The Redemption Effect should prompt investors to rethink their approach to ESG. Just as value investors target undervalued stocks facing a controversy with a turnaround potential, we think investors should look for companies with poor ESG records that are likely to redeem themselves with more responsible practices.
Third-party ESG ratings do have some value. They can help investors understand the current position of a company on ESG issues. However, they don’t help predict how a company may change its behavior—or how its stock returns could be affected. That’s why fundamental investment research and active engagement with companies on ESG issues are essential to implementing an effective “ESG Improvers” strategy.
Emerging Markets: Fertile Ground for Finding Improvers
While ESG improvers can be found around the world, emerging markets offer especially fertile ground for investors. Emerging-market companies tend to have lower ESG ratings than developed-market peers, and there are relatively more companies that haven’t been rated at all. As a result, there are more opportunities for investors to unearth companies with improvement potential.
Anhui Conch Cement, a Chinese cement manufacturer, is a case in point. The company has a low CCC rating because of its subpar disclosure practices. Yet our research suggests that Conch consumes 28% less energy to produce cement than its BBB-rated peers. Current ESG ratings penalize the company for a lack of transparency—but fail to recognize its potential for improved ratings when its superior energy efficiency is acknowledged. As investors in Conch, we helped the company understand how to provide MSCI with data that could lead to an ESG upgrade.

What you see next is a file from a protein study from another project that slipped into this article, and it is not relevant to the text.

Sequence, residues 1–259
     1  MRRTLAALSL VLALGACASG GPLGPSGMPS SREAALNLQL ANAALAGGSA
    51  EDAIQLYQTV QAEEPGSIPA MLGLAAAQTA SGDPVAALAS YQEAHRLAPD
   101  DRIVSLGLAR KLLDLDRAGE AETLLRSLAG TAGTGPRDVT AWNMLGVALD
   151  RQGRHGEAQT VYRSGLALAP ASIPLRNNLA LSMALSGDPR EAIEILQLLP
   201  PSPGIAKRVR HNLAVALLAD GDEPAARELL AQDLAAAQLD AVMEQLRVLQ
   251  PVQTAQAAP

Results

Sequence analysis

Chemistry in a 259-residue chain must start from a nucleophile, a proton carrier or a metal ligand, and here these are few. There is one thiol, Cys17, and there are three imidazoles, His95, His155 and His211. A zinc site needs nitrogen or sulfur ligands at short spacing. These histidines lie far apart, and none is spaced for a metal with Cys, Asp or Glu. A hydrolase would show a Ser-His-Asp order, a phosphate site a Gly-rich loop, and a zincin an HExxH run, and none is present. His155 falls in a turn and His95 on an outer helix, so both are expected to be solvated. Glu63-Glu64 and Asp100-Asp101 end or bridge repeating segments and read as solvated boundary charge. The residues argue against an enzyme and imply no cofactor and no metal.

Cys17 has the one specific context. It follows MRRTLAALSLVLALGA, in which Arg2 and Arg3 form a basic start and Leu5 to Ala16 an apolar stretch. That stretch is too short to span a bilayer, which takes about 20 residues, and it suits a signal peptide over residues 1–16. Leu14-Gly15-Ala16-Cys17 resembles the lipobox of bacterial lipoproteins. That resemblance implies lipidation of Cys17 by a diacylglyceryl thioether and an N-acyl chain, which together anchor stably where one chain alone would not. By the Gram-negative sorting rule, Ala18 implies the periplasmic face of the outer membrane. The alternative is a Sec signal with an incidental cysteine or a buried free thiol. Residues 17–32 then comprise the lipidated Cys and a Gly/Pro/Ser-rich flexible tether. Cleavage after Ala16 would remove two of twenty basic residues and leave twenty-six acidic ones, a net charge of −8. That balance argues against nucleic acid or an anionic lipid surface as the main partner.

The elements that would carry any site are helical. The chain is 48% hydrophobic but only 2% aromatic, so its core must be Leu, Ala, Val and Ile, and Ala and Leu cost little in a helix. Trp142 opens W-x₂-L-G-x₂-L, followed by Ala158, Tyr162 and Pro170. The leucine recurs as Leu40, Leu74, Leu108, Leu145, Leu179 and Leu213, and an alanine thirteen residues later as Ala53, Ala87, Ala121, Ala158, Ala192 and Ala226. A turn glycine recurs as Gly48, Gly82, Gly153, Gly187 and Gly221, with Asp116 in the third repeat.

Norilsk Nickel, a Russian mining and smelting group, suffered from a poor CCC ESG rating because of high emissions. However, the MSCI rating was based on a five-year average and didn’t take into account the company’s plans to upgrade its facilities and shut an obsolete smelter. Engaged investors could detect these changes, which led to a substantial reduction in emissions well before MSCI raised its ESG rating of Norilsk to B in December 2017.
These examples show why fundamental research and differentiated insight is needed to distinguish between chronic ESG offenders and reforming companies. We think it’s worth the effort. Investors who want to promote real societal improvements without sacrificing return potential should look for companies with share prices that don’t reflect their determination to clean up their ESG act.
Nelson Yu, Alex Pizzirani and Amy Yang contributed to this analysis.